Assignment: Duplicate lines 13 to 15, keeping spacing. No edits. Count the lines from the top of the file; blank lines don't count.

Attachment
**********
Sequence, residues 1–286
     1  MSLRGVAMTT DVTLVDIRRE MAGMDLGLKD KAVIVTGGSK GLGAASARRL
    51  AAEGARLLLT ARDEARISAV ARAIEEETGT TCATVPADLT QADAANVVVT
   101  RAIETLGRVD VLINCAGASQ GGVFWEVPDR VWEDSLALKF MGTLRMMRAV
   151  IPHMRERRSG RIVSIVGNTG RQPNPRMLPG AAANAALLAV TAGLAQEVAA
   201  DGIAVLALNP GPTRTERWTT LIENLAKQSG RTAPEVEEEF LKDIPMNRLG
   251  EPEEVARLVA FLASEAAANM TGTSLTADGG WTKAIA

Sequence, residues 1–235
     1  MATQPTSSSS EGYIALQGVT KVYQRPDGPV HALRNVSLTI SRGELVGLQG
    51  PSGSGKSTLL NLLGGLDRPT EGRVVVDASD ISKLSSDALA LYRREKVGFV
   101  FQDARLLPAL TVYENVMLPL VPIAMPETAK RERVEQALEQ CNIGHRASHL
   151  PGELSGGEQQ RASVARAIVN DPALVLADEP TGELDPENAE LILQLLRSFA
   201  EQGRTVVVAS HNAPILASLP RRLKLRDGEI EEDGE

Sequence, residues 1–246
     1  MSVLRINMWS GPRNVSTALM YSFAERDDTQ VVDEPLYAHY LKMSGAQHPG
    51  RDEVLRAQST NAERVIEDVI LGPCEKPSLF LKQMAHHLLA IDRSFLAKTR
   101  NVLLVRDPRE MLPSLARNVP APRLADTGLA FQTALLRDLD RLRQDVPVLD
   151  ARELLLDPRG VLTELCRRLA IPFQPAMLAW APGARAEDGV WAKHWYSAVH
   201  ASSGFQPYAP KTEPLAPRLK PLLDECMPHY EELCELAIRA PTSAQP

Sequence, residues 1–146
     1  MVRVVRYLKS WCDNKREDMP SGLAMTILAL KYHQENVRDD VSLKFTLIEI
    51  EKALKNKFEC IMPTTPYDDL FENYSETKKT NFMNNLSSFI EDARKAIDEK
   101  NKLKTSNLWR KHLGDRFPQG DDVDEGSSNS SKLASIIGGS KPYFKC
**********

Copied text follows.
   201  EQGRTVVVAS HNAPILASLP RRLKLRDGEI EEDGE

Sequence, residues 1–246
     1  MSVLRINMWS GPRNVSTALM YSFAERDDTQ VVDEPLYAHY LKMSGAQHPG